Opinion / Op-Ed Contributors

Japan must stop playing with fire

By Zhou Yongsheng (China Daily) Updated: 2014-07-22 10:05

A few days before the 120th anniversary of the outbreak of the 1894-95 Sino-Japanese War, Japan reinterpreted Article 9 of the Constitution to expand its military role, which should be cause for concern for not only China, but also the whole world.

The international community should not forget how Japan wreaked havoc on its neighbors, especially China, before and during World War II. It also should not underestimate the potential risks that Japan's exercise of collective self-defense rights pose to the region and beyond.

The constitutional reinterpretation engineered by Japanese Prime Minister Shinzo Abe gives Japan the right to use force-to the minimum degree necessary-in the absence of an appropriate alternative to thwart a perceived or real attack on it or a country with which it has close ties. It also can use force when there are signs of an attack that could threaten the existence of the Japanese state and/or subvert Japanese people's right to life, liberty and pursuit of happiness.

According to the original interpretation, Japan could exercise the right to self-defense only when there was an imminent and illegitimate act of aggression against the country and no other appropriate means to repel such aggression, but the use of armed forces was limited to the minimum necessary level. That meant Japan was only entitled to exercise the right to self-defense. The Abe government has now widened Japan's military options-right to collective self-defense-by reinterpreting Article 9.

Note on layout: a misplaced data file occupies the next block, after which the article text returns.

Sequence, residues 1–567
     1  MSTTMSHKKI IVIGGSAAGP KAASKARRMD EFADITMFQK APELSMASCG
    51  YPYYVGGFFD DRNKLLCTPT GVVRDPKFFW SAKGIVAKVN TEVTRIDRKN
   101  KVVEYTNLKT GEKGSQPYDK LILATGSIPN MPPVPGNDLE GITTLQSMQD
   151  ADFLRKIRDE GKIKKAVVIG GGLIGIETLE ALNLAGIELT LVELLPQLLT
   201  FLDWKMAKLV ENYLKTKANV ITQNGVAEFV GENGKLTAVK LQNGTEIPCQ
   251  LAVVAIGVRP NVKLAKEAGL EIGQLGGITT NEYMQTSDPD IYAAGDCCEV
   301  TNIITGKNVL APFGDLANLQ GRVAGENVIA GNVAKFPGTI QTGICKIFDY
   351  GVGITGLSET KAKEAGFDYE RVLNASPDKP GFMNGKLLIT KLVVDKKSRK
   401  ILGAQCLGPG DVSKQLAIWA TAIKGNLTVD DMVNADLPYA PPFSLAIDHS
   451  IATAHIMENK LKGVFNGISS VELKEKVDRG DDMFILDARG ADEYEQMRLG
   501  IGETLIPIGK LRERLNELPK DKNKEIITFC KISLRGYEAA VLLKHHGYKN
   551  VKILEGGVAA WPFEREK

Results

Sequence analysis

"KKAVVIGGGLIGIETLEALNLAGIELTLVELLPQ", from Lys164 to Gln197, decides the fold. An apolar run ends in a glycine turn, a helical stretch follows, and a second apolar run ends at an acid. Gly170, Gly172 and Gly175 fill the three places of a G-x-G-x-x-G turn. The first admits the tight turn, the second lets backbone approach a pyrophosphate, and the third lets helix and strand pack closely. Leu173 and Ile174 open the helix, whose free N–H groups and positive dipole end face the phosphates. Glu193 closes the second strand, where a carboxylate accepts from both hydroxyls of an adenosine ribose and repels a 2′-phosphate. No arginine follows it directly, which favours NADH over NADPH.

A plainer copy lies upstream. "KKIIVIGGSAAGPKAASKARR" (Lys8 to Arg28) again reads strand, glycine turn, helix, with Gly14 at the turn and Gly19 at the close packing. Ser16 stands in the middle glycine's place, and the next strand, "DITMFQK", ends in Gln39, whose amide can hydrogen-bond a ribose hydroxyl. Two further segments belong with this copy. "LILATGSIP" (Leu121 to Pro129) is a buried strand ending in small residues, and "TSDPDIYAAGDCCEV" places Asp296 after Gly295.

Jiro Yamaguchi, professor of political science at Hosei University in Tokyo, wrote in his recent column for The Japan Times that exercising the right to collective self-defense in essence means gutting the war-renouncing spirit of the postwar Constitution. He also wrote that Abe was ignoring an important lesson from Japan's militarist past that once a war breaks out, restraints such as "minimum necessary" use of force tend to become meaningless. Therefore, Japan's reinterpretation of Article 9 to serve its political agenda violates the constitutional spirit and is devoid of any legal or moral sanction. In other words, it is indicative of the fundamental change in Japan's defense posture and will have far-reaching consequences for the region and the world as a whole.

Abe's move has already divided the Japanese society, with the opposition parties and a large percentage of the people condemning the reinterpretation. In fact, a Japanese man set himself on fire in central Tokyo in late June in an apparent protest against the move. Also, 58 percent of the respondents to an opinion poll conducted by Japanese newspaper Mainichi Shimbun on June 27-28 said they were opposed to Abe's move and 71 percent feared Japan could get dragged into a war if it exercised the right to collective self-defense.

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